The Mining Industry in Australia Opens Doors to Casual Migrants
Chris Bowen, Australia’s minister for Immigration and Citizenship recently announced that the first of many Enterprise Migration Agreements (EMA’s) has been implemented. EMA’s are tailored, project-wide migration agreements specifically designed for large scale resource projects and should aid the skills shortages in the mining industry in Australia.
EMA’s are usually negotiated between either the project owner or the prime contractor of the project. The first agreement has been issued to a large scale iron-ore mine in Western Australia and will create jobs for more than 1,700 casual foreign skilled migrants.
A spokesperson for the project has said that around 2,000 Australians would be recruited for highly paid permanent jobs by the time the mine opens, and that up to 8,000 more workers may be needed during the construction phase. Locals will be employed where possible but with a serious skills shortage, overseas workers are likely to be recruited. The full story can be found here: http://www.telegraph.co.uk/finance/personalfinance/offshorefinance/9159939/Australian-mine-creates-jobs-for-migrants.html
Business running costs as well as salaries in regional Australia have sky-rocketed as a result of the crippling skilled migrant shortages. Mining workers can now expect salaries of up to $155,000 (approx £98,000) per annum and it has also been confirmed that temporary migrants will receive the same wages and conditions as their Australian counterparts.
This is great news for skilled migrants who perhaps wish to temporarily escape the doom and gloom currently surrounding many European countries. With rigorous austerity measures, and a bleak outlook for Europe in the short to medium term many migration agencies and visa companies expect an influx of skilled migration in the next few years.
In conjunction with the new SkillSelect migration program coming into effect in July 2012 – temporary and permanent skilled migration should offer some relief to companies operating in regional Australia.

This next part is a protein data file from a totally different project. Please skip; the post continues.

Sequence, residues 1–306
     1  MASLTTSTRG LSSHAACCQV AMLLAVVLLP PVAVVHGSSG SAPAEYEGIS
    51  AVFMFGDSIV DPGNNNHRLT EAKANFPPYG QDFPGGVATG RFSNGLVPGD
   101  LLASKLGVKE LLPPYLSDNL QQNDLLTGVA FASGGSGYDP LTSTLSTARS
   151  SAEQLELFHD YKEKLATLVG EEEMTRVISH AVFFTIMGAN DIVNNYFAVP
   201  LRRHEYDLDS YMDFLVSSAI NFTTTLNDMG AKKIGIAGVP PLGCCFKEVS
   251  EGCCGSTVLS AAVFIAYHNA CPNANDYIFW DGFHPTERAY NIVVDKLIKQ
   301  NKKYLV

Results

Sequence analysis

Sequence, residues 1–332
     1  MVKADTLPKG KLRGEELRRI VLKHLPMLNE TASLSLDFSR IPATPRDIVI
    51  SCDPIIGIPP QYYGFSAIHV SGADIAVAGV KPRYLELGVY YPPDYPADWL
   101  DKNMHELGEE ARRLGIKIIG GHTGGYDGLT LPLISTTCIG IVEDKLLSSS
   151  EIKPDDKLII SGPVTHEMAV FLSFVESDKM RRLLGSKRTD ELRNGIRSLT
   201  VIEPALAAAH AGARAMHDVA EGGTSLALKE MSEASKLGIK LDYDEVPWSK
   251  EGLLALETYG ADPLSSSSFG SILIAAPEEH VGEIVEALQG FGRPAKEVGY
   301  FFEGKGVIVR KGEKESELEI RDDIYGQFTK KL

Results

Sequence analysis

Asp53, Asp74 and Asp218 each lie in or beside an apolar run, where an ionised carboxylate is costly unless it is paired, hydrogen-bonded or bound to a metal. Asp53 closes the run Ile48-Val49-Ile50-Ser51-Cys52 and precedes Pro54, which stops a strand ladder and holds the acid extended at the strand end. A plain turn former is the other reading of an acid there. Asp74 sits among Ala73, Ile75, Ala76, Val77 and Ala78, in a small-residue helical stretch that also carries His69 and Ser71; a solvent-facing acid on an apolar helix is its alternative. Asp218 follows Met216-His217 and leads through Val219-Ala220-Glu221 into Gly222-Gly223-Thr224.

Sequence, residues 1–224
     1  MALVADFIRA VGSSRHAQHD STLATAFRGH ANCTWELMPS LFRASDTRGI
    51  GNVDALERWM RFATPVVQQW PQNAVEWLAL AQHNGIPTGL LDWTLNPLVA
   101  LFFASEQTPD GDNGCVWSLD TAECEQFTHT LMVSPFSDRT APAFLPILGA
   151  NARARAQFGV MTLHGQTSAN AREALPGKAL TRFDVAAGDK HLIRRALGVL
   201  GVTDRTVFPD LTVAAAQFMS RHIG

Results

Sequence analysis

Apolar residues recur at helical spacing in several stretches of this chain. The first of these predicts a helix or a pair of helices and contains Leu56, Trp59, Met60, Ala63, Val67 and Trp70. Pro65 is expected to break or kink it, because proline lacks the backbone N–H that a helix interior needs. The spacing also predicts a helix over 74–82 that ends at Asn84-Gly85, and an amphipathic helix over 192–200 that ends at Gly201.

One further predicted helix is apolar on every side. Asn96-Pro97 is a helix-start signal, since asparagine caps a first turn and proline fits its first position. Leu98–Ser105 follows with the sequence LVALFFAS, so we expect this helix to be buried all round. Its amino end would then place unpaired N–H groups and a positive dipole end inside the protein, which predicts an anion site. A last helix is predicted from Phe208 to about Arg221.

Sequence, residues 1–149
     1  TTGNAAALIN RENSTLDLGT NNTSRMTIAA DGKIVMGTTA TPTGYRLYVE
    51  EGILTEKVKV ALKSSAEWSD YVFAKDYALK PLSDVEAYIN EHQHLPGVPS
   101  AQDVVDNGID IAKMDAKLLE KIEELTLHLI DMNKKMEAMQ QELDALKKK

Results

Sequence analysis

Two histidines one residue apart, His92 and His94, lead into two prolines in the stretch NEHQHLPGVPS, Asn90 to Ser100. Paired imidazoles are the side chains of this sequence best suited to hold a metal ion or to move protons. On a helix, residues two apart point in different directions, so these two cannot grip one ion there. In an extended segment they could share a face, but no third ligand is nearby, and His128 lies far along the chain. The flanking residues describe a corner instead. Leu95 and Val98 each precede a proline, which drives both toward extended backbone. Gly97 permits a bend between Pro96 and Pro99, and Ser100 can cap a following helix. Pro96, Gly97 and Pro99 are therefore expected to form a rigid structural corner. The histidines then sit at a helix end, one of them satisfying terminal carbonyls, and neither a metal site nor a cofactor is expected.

There is however some disagreement surrounding the decision to implement Enterprise Migration Agreements, as some of the locals are worried that they will loose out to foreign workers, but Chris Bowen has stated that he intends to uphold the needs and interests of the Australian people at all times.
The minister commented: “The government’s first priority is always ensuring jobs for Australian workers, but there is a need for temporary workers to help keep our economy strong.”
Australia has a population of approximately 22 million – although many are unwilling to move to remote locations where skilled workers are needed. The situation facing regional Australia is becoming somewhat desperate and the number of Working Holiday visa grants to Irish nationals nearly doubled in 2011. Ireland is now the third largest source of temporary skilled migrants.
Despite the governments keen efforts to increase skilled migration, regional Australia is expected to face a shortfall of 150,000 skilled workers by 2017.
On the fore-front EMA’s seem to be a step in the right direction and could lead to short term relief in the mining sector. Whether the plan will lead to long term employment stability is yet to be seen, but for now it should be seen as a fantastic opportunity for those keen to travel abroad in search for work and a healthy pay package.